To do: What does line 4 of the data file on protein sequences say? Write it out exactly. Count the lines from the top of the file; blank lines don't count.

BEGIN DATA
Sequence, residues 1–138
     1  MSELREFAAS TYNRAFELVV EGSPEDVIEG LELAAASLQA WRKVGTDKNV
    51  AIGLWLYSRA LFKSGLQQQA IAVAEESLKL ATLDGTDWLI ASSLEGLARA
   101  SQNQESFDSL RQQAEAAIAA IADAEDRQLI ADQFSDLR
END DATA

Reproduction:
   101  SQNQESFDSL RQQAEAAIAA IADAEDRQLI ADQFSDLR